I’ve always liked Anthony Mann’s directorial work, especially the old cheap noirs he mostly started his career with, as well as the string of westerns he did throughout the 1950s. While deciding to work my way through his later 1960s material by beginning with his final film, 1968’s A Dandy In Aspic, I also wanted to go back and hunt out any other noirs or westerns I might have missed out on.
The late 40s-early 50s noirs like Raw Deal or Border Incident are especially good, so I thought I’d check out an earlier cheapie from his catalogue, 1945’s The Great Flamarion, with Erich Von Stroheim, Mary Beth Hughes and Dan Duryea.
Told in flashback, this one has a nice creepy vibe throughout. Von Stroheim tells us the story of how he fell prey to scheming femme fatale Mary Beth Hughes. It’s weird to watch Von Stroheim as a would-be romantic in this movie, especially knowing all the entertaining stuff about his real life escapades, never mind not being able to blot out the image of him playing Max in Sunset Boulevard every time he turns up on screen.
And the vaudeville act he does will make yer skin crawl! Hughes and her husband (Duryea) pantomime a wife & her lover sharing a drink, but then in what is supposed to be comedy, the angry husband returns (Von Stroheim) and his sharpshooting act begins.
He takes out his pistols and shoots the tips off their ciggies, their drinks, shoots all around a weirdly-slow bobbing and weaving Duryea before chasing him off stage with the shots, and finally shooting off the straps of the wife’s dress before making up on their way to the bedroom. And if that isn’t creepazoid enough. Von Stroheim plays it all totally unemotional and mechanical. He’s an unfeeling sharpshooting expert robot.
Ah, but that’s the weakness Hughes can exploit! Offer the old lech loooove, make sure her hard-drinkin’ whiny husband is super drunk on stage, and then claim his timing was off when Von Stroheim shoots him to run off with Hughes. And then it goes on from there.
Von Stroheim is very good as the man used & betrayed and Hughes makes a decent temptress. And as predictable as it all was, it still seemed a little different. Mann would get better at this genre as he’d go along, helped by more atmospheric photography by John Alton and stronger conflicts and nastier villains like Raymond Burr setting things on fire or Charles McGraw grinding people up with threshers. But it’s a nice start.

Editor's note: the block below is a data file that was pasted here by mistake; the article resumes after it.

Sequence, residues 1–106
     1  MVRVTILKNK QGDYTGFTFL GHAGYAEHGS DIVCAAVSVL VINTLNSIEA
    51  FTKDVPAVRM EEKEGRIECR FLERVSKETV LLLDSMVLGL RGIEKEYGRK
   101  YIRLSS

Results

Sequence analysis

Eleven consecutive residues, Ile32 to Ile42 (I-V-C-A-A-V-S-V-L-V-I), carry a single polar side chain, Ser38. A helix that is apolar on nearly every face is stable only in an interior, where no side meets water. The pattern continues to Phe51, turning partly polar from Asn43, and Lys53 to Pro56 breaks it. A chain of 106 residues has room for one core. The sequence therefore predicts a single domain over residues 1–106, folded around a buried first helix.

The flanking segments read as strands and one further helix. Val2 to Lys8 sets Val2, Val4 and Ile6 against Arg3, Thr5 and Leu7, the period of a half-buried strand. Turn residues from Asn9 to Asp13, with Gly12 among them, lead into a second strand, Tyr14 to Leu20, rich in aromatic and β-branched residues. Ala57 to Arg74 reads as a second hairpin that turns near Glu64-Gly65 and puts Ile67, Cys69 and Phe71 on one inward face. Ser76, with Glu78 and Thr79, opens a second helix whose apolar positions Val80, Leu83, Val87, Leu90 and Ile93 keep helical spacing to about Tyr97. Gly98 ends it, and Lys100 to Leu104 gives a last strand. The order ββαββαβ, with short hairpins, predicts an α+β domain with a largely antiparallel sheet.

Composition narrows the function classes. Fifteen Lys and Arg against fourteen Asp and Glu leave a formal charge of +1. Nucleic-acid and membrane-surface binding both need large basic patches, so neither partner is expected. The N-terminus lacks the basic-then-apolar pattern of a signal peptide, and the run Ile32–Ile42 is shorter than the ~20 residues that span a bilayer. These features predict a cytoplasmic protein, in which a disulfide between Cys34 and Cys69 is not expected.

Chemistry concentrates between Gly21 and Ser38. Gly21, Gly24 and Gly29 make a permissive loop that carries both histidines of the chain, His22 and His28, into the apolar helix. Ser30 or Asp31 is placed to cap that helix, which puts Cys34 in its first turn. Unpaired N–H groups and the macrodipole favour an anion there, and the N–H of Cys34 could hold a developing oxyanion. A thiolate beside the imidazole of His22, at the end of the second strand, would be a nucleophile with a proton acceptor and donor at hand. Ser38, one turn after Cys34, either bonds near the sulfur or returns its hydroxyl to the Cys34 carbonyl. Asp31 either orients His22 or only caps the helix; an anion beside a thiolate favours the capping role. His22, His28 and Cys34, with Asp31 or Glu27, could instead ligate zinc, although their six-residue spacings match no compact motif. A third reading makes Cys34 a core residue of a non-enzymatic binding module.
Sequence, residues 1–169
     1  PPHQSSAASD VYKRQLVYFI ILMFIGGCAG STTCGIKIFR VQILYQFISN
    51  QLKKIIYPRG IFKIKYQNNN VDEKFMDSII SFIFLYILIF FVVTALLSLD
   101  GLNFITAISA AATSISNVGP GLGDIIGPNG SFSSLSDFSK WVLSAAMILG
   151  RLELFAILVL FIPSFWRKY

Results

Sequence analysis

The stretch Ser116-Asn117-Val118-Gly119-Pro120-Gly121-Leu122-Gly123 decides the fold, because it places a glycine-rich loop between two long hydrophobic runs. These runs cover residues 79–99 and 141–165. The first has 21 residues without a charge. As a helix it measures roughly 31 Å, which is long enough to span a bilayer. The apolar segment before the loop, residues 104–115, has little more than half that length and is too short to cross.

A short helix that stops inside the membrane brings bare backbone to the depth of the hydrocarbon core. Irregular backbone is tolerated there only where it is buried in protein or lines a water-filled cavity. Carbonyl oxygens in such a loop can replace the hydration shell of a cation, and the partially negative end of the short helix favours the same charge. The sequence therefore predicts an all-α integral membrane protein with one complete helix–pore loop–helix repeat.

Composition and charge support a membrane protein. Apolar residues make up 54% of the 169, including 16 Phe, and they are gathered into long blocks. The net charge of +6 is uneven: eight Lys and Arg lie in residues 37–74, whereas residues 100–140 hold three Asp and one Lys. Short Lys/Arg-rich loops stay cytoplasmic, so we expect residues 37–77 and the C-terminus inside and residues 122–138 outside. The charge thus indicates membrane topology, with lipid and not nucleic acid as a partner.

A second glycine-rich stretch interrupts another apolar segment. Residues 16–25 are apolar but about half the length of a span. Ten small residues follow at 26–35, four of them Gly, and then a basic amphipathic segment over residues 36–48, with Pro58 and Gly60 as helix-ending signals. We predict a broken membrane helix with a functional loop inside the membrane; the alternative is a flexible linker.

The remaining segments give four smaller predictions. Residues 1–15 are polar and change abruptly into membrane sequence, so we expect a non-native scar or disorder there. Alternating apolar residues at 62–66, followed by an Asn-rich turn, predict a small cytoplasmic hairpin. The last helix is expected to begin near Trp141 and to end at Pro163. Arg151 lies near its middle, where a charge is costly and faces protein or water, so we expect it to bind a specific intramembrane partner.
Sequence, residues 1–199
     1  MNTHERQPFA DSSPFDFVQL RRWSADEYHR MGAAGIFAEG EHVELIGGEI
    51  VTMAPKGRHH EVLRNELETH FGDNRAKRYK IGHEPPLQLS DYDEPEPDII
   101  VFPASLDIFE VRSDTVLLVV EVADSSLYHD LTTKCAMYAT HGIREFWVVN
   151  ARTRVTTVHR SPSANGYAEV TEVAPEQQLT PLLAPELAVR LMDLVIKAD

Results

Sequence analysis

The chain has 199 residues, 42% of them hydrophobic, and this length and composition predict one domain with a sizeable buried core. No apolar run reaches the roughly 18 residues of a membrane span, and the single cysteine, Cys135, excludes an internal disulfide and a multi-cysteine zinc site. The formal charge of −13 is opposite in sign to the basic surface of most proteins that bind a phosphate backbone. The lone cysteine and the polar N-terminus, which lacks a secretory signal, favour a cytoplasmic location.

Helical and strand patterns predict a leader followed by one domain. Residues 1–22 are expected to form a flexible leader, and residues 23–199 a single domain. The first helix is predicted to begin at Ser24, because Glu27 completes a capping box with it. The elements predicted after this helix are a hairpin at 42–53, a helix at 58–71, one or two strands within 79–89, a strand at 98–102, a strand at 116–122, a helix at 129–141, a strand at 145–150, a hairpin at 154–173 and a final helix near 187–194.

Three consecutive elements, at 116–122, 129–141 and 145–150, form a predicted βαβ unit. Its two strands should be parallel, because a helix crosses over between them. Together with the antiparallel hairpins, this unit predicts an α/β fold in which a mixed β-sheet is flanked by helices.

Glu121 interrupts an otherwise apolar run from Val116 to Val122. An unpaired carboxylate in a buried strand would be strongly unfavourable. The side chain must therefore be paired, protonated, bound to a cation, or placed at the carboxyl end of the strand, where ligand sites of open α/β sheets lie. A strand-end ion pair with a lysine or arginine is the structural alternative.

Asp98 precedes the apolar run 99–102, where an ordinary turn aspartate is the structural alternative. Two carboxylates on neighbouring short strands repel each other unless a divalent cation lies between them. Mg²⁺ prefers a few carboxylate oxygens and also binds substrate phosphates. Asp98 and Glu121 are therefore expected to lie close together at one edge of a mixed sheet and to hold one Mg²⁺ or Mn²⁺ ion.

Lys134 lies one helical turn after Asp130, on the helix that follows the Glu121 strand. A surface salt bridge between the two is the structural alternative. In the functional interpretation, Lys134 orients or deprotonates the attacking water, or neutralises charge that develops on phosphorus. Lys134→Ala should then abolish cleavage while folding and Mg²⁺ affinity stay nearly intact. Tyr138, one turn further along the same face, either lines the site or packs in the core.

Unfortunately his final film, A Dandy In Aspic, is sort of a mess despite some decent moments here and there. It’s one of many late 1960s anti-Bond spy films, depicting the dreariness, hypocrisy and loneliness of the international Cold War agent, akin to my earlier viewing of The Quiller Memorandum or material like The Spy Who Came In From The Cold or Michael Caine’s Harry Palmer material.
Laurence Harvey plays a British/Soviet double agent who wants out, but he’s tasked with assassinating a Soviet agent who is actually…. himself. A good premise, but a dreary and often choppy mod-1960s edited feature, where you lose interest in a lot of the characters. Tom Courtenay plays an angry sociopathic fellow agent (and looks way too much like Martin Freeman, something I never noticed before). Mia Farrow, in her screen debut, plays the freethinking photographer who Harvey romances but isn’t sure he can trust. Peter Cook has a nice small role as a randy agent git, to put it in British terms. And Lionel Stander plays a Soviet agent with a wonderful precognitive Yakov Smirnoff impression.
Bonus points for knowing Stander was blacklisted after being labeled a commie, too!
Mann died of a heart attack in the middle of filming, and Harvey took over direction. Evidently the writer of the novel/screenplay was not pleased with Harvey’s changes, though without reading the book it’s difficult to surmise what those changes are. Harvey directed the final scenes, and they are pretty lame, I have to say. But maybe the book ended the same way, I dunno. The story itself has potential, but moves slowly, isn’t always logical, and we just don’t care one whit for the supposed love story. All I can say is that I’ve seen better Mann films (like Flamarion, actually), and I look forward to checking others off my list that have better reviews in imdb.